A Conservative minister admits his party must rebuild “a lot of trust” after losing more than 1,000 councillors in last week’s local elections.
On a bruising day for Rishi Sunak’s administration, the Tories lost control of 48 councils across England as Labour became the largest party in local government for the first time since 2002. In the North East, blows for the Conservatives included losing control in Darlington – though the elections produced a more mixed set of results, with varying outcomes on Teesside and Labour already being dominant further north in Tyne and Wear.
Richard Holden, the MP for North West Durham, told the Local Democracy Reporting Service that the Tories were still “clearly behind” – but insisted that last week’s results would have been far worse had voters gone to the polls towards the end of last year. Speaking on a visit to the Greggs HQ in Longbenton on Wednesday, the roads minister said: “We saw a bit more of a mixed picture here in the North East, with Stockton, Middlesbrough, Redcar nowhere near as bad for the Conservatives.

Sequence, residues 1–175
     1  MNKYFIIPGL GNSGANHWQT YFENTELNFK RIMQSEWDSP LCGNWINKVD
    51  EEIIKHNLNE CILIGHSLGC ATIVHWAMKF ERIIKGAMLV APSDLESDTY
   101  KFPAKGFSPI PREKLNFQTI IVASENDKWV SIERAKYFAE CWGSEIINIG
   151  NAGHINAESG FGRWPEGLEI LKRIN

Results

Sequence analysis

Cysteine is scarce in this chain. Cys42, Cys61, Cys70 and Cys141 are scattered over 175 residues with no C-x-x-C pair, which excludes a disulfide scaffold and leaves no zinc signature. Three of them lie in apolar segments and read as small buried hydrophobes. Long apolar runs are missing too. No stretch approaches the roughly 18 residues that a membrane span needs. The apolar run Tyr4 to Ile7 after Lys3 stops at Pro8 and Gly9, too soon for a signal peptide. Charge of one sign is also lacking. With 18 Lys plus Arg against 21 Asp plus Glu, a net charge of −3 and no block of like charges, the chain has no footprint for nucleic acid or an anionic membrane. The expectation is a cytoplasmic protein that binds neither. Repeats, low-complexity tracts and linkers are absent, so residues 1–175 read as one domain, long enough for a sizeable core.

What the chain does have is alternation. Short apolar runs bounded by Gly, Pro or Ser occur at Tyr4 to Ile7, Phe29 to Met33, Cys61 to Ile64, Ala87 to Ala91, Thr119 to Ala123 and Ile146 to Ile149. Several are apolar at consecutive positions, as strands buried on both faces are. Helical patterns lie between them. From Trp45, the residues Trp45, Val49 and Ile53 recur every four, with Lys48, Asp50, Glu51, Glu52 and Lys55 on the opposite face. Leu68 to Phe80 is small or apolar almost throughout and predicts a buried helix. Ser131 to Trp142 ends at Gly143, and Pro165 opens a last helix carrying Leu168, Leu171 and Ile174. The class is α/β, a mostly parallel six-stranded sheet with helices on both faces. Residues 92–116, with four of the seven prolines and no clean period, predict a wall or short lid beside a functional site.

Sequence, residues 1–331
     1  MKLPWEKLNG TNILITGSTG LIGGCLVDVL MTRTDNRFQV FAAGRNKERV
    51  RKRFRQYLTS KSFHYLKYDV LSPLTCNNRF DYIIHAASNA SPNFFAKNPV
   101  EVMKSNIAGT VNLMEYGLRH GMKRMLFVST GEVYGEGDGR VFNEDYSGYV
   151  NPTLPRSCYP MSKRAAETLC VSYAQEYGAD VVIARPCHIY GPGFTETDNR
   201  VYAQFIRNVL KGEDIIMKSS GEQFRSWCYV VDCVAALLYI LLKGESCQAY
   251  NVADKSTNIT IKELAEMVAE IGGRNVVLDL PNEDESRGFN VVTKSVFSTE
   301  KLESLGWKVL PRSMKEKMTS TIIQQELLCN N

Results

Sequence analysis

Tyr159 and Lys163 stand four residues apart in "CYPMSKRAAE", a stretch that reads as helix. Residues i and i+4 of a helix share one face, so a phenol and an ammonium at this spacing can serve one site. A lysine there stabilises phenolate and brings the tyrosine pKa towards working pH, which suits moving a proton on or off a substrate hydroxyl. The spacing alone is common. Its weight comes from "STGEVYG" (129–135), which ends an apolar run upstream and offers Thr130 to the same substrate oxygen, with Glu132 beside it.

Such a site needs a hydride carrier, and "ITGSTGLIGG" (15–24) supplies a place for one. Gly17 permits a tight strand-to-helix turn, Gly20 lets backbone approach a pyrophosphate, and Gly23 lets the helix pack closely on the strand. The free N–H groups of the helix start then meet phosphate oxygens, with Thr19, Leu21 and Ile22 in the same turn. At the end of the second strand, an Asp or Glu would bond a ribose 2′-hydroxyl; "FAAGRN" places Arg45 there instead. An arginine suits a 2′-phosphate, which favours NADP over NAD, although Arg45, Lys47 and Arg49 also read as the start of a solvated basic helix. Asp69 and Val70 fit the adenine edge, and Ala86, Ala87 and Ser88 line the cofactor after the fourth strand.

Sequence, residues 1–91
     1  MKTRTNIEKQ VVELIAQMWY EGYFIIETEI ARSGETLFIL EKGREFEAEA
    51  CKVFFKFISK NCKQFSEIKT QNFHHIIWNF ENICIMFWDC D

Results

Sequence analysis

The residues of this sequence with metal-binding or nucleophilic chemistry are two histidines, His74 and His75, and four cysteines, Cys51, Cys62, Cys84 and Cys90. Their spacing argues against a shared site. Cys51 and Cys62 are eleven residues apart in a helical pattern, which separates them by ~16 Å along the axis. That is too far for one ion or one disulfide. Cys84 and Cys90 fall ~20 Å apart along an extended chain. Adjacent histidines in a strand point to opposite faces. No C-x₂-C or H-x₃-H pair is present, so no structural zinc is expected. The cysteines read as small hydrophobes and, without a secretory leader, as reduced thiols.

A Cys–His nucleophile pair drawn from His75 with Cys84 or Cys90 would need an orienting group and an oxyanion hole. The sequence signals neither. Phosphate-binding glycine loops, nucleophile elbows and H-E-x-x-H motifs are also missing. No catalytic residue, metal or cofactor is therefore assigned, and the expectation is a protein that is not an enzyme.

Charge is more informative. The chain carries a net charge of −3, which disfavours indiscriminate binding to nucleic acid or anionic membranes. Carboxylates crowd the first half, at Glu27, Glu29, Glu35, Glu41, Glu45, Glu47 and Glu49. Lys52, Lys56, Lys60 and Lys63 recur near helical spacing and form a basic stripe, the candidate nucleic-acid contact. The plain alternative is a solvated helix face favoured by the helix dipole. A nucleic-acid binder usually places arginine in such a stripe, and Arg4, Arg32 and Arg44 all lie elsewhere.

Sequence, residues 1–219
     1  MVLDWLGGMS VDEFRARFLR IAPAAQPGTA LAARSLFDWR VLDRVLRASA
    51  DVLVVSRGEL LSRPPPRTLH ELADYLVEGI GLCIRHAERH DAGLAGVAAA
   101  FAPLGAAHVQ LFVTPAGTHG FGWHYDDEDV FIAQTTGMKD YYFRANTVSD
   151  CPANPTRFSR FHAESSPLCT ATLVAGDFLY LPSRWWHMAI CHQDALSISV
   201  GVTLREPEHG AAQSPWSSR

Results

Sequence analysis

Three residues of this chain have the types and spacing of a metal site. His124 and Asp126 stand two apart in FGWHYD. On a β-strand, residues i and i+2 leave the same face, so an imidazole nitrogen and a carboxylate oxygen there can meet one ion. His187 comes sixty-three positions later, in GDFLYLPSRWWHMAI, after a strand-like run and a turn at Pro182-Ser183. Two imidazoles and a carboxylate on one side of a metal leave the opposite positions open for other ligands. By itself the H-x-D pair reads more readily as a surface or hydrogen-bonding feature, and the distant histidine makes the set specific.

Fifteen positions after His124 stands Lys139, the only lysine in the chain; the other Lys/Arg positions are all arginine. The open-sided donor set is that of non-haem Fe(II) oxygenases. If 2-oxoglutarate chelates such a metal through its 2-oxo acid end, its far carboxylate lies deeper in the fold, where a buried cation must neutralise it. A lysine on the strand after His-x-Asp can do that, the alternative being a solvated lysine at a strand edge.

“But overall, nationally, what we are seeing is that if these elections had been held back seven or eight months ago we would have been in a far worse situation when we were 30 points behind. When we had the elections last week, we were still clearly behind but it showed it as seven or eight points behind on that national level. I think that is a much better place to be in.
“It shows there is still a lot of progress to be made, it shows there is still a lot of trust to be rebuilt. But I am hoping the Prime Minister will stick to his five priorities, particularly around the economy.
“Those are the things really affecting my constituents at the moment. When it comes to inflation, particularly food inflation, that is a real concern. People want to see growth back in the economy as well. They also know we have to be sustainable as we go forwards and keep debt under control.
“As long as the Prime Minister can show he is properly delivering on that, and he has said he wants to halve inflation in a year, I think that would be a real testament to him and show people he has the right plan to take the country forward.”
Across England, the Conservatives lost 1,061 council seats last week – surpassing the 1,000-seat worst-case scenario prediction that had been suggested ahead of the elections. Labour said that the results represented a “clear rejection” of Mr Sunak in his first test at the ballot box since taking power.
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